Camp is over, but it’s never REALLY over

Camp is one heck of an amazing place! I miss it so much already! I’m still speaking about camp in the present tense when I tell people camp stories right now. I refuse to speak about it like it is over. I am in denial that we are back in the real world. I cried quite a bit again now that I am home and realizing that camp is really over.

My awesome co-counselor, Becca, helped me calm down, though, and I have stopped crying for now, but know I will cry at least one more time in the next few days or maybe many more times. I just want to go back to camp or want all my camp friends to come live with me in St. Louis. Love you all, and of course I miss my amazing campers, too.

I just have to try to keep in mind what one of my campers said, that camp lasts all year because your memories of camp and the support from the people at camp who now care about you so much and will be there for you when you need them is always with you no matter where you are physically.

These girls are all so mature for their age. Many of them have to be to get though all they have gone through. Most of the time, the amazing words that come out of their mouths both surprise me deeply and touch me. This is what will get me though the year until camp again next summer. Hope this post makes some since even though I am super tired and teary-eyed right now . Just had to say this.

Camp Twitch and Shout changed my life

I’m back from Camp Twitch and Shout! It was one of the best experiences of my life, and I am in no way exaggerating. I feel like I changed and grew so much in just one week. I didn’t know how much I was capable of doing for these girls. I love them and they taught me just about much, if not more, as I taught them. Maybe you’ll come next year.

There’s not much responsibility being a counselor for the oldest age group, 15-16. They take care of themselves, and you just have fun! I know I made a difference in their lives, and I know they made a difference in mine. It was the most rewarding experience I have ever had. It surpassed all of my expectations.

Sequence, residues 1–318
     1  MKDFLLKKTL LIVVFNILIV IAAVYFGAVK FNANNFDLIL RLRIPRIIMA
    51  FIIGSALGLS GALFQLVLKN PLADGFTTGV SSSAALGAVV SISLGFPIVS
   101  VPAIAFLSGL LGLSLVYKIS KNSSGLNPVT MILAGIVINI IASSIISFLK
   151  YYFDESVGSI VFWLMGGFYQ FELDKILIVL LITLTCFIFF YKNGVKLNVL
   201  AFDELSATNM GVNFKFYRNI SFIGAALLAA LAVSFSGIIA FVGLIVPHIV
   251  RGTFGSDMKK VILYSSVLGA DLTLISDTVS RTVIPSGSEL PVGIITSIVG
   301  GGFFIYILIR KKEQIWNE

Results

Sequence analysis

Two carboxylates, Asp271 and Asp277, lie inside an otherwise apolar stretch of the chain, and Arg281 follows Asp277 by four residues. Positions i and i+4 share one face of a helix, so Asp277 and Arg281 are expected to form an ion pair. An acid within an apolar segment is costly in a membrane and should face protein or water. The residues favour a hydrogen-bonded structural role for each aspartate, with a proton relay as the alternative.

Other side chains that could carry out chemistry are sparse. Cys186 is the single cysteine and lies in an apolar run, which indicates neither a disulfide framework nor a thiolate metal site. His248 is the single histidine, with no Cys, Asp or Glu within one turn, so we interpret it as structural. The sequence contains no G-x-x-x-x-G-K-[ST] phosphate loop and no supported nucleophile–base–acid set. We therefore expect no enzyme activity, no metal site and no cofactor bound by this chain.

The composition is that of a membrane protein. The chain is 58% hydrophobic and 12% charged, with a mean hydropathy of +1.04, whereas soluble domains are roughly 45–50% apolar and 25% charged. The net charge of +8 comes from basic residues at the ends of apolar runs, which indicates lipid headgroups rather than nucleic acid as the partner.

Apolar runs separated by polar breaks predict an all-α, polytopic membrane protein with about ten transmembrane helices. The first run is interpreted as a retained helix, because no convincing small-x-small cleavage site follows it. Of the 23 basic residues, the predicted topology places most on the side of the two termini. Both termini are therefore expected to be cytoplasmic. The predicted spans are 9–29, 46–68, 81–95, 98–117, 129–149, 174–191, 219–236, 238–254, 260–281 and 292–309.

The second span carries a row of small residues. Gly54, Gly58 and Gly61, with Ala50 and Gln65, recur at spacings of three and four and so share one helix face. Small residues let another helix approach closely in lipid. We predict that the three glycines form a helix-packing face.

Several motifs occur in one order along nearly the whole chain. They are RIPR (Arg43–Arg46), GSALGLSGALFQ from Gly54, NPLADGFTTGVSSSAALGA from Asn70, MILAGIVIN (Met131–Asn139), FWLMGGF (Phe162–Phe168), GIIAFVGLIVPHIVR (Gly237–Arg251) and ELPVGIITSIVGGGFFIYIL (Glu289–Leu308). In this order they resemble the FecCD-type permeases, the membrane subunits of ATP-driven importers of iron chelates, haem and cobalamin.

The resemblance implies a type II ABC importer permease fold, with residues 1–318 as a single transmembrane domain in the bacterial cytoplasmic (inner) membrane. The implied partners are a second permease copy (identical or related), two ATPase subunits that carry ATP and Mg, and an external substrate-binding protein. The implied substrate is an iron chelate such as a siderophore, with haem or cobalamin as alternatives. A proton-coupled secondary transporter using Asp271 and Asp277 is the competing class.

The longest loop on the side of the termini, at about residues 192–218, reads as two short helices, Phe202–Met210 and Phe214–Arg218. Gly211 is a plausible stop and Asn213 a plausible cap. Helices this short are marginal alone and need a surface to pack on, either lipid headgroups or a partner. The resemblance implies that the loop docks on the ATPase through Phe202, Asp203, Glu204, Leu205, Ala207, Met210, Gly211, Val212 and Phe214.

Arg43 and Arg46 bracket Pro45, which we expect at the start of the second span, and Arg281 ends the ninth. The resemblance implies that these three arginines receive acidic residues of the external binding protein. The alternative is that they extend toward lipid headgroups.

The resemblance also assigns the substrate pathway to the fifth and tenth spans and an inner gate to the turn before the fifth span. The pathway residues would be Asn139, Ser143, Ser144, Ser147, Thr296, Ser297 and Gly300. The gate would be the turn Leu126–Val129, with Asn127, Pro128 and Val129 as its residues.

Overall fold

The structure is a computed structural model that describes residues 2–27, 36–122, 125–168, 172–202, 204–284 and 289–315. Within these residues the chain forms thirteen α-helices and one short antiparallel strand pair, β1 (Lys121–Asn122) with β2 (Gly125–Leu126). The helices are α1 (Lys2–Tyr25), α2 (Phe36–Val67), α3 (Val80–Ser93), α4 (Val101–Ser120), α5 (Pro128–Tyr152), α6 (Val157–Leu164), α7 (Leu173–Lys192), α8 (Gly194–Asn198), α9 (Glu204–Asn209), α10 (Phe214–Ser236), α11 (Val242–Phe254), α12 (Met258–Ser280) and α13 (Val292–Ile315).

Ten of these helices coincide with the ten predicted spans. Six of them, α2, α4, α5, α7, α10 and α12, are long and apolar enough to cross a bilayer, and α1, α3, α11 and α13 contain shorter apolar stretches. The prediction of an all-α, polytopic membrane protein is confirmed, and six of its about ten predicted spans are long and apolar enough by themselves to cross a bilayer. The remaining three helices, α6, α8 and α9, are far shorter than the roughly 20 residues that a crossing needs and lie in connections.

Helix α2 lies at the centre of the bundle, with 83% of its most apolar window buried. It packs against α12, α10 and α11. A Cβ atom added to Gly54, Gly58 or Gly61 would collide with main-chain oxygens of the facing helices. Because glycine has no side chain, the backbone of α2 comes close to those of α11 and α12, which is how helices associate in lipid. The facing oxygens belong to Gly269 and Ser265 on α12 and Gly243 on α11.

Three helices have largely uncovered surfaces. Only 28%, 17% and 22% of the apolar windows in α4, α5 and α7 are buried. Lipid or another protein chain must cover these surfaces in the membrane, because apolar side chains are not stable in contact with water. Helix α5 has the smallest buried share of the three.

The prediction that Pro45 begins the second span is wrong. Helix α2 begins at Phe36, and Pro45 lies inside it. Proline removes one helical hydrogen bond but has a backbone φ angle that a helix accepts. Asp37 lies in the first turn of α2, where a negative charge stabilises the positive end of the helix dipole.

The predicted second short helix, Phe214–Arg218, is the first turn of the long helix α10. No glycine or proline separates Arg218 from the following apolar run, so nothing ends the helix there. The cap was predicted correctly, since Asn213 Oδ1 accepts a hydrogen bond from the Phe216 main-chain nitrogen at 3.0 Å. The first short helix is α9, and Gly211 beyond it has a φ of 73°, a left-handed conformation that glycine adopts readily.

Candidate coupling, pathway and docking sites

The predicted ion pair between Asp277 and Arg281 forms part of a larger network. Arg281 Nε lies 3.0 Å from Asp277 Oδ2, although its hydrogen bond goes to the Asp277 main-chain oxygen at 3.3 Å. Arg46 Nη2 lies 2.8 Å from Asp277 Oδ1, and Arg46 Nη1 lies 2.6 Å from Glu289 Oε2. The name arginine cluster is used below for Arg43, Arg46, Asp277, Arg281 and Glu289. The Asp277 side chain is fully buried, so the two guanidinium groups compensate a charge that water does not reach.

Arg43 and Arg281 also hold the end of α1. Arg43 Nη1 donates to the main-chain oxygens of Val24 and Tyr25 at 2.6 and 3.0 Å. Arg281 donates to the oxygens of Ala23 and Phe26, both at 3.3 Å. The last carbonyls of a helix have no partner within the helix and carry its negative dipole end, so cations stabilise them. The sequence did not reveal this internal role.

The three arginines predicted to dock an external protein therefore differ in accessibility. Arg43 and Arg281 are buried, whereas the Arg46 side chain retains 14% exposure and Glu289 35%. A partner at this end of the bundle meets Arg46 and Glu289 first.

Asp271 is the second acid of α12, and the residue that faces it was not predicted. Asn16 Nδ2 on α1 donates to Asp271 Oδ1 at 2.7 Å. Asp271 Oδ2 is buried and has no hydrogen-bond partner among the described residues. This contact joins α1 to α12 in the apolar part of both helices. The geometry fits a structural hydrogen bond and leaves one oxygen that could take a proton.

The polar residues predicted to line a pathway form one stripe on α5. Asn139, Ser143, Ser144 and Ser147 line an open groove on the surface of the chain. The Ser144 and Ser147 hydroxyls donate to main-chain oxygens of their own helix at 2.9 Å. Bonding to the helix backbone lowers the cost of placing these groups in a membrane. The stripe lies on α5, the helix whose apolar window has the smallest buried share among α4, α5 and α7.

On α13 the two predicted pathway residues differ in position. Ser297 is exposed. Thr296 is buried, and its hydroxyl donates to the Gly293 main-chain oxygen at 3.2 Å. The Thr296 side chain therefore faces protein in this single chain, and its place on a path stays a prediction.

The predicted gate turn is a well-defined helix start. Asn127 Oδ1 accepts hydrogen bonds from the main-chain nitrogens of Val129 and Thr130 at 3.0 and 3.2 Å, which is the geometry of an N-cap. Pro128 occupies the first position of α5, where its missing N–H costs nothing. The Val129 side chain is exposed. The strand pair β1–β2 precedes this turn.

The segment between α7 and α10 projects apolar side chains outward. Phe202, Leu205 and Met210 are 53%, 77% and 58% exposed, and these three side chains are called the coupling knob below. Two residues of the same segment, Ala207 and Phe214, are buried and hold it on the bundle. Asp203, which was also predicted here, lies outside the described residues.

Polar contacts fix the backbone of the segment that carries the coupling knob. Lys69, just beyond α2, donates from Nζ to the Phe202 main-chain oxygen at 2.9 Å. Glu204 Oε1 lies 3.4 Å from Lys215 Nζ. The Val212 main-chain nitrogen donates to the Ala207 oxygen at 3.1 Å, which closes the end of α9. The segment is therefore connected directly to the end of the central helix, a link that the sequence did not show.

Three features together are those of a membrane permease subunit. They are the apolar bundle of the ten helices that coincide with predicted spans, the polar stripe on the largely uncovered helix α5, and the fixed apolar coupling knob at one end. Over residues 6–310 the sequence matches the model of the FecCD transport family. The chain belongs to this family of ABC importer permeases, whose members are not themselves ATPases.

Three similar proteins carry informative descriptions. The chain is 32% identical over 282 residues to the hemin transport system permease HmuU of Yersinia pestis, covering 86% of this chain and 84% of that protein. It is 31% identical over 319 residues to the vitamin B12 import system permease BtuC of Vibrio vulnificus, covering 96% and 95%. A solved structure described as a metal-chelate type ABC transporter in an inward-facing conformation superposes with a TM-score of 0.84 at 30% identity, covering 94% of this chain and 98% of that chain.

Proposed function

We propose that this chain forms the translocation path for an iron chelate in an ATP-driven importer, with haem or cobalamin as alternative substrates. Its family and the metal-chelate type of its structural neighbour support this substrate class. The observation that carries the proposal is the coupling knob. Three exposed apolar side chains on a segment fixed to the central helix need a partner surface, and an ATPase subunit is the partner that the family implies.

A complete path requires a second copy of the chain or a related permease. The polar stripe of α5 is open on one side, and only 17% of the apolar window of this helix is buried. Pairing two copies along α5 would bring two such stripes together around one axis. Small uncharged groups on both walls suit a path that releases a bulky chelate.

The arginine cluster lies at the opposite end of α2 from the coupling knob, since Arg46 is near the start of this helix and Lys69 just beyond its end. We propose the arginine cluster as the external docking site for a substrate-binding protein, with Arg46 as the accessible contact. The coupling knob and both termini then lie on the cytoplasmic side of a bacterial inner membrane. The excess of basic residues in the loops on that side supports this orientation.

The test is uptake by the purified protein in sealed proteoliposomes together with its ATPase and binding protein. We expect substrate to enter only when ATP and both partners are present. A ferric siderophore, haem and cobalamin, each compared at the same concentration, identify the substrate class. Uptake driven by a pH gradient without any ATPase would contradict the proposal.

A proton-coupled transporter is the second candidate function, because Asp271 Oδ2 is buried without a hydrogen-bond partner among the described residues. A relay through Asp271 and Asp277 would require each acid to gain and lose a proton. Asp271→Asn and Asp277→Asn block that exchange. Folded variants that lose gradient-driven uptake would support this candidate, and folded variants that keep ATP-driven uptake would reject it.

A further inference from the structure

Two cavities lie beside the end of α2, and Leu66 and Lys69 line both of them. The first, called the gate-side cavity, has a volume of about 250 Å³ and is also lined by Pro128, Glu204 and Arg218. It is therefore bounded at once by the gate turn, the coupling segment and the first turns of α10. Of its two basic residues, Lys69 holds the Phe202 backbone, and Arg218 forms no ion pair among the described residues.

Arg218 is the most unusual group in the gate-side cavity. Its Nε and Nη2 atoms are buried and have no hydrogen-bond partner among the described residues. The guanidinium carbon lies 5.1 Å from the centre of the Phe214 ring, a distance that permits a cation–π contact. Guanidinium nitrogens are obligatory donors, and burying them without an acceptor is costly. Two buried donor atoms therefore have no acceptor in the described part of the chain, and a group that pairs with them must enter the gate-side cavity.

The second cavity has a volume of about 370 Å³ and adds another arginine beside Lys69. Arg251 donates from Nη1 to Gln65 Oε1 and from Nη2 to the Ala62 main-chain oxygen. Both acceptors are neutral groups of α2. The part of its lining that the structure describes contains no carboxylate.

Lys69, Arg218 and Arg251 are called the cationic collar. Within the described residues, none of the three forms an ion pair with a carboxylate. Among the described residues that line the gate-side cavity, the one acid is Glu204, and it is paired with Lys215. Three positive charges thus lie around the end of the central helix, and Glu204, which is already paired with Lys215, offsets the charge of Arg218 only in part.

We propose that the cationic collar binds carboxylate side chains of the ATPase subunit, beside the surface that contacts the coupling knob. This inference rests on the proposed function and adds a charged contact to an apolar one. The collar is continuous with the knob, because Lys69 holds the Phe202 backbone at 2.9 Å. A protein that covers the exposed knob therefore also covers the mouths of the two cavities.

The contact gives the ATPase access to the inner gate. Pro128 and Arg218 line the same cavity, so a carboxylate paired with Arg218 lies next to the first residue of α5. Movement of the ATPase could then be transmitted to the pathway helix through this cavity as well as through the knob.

I want to be back at camp so much right now. More blog entries/pictures to come when I get settled down a bit more. Right now things are pretty crazy.

DBS for TS

Hey all! Not sure if I’ve mentioned here, but last Tuesday (July 16) I got DBS (Deep Brain Stimulation) for my Tourette’s.  As some may know, my Tourette’s was very severe and debilitating. DBS was my last option, as I’ve tried it all.  I went for the surgery up at New York University!  Dr. Mogilner performed the surgery.

So far, I’m doing great!  The probes being in my brain has (as Dr. Mogilner described) damaged that part and temporarily stimulated it, in turn causing my tics to dwindle to a mild state the past week!  Now that my brain is healing, my tics are coming back.  He said that would happen, and it’s a great sign that it calmed my tics to begin with.

I get my batteries turned on to stimulate my brain Friday, July 26.  I am beyond excited!  My future is looking very positive now. 🙂

Against Bullying and Suicide

1002111_222158214575267_1012190192_nHi everyone! I have a favor to ask of you. One of my friends started a page called Against Bullying and Suicide on Facebook and is needing more people to like her page. If you could please go over there and like her page, it would mean both a lot to her and to me. Also, you can share your stories on their and reach out to other people. Thank you all so much! 🙂

I’m getting my own Tourette lab research project!

On Thursday I had a meeting with my mentors in the Tourette’s Syndrome Neuroimaging research lab that I work in as a student. They are giving me my own research project, or as they call it my “baby.” I am pretty much going to run it on my own and then go to my mentors when I have questions or need any help, but this is basically going to be my project.

I am honored that they trust me enough and think I am capable enough to handle this big responsibility! I am also of course a bit nervous as well, but I know I can do this! It’s a study about Tourette’s Syndrome and the co-occurring hypersensitivity to stimuli, otherwise known as sensory processing disorder.

I’m not going to say much more about it other than that because of privacy issues of the lab, but I can tell you that it’s a pretty neat experiment, and I’m excited to start working on it!

Also, while I was in the meeting I told my mentors that I was going to be out of the lab to go to Camp Twitch and Shout to be a counselor. They were so excited about this! They told me that they thought it was great that I was going to be a counselor and one of my mentors said, “The kids there will love you! They’re all going to want to be just like you when they grow up!”

It was so nice of him to say this to me, and it made me feel really good. I’m so glad to have such wonderful and supportive mentors who, of course, know all about Tourette’s because that’s what they specialize in studying. 🙂

Teens4TS Showcase: Teaching others how to advocate for themselves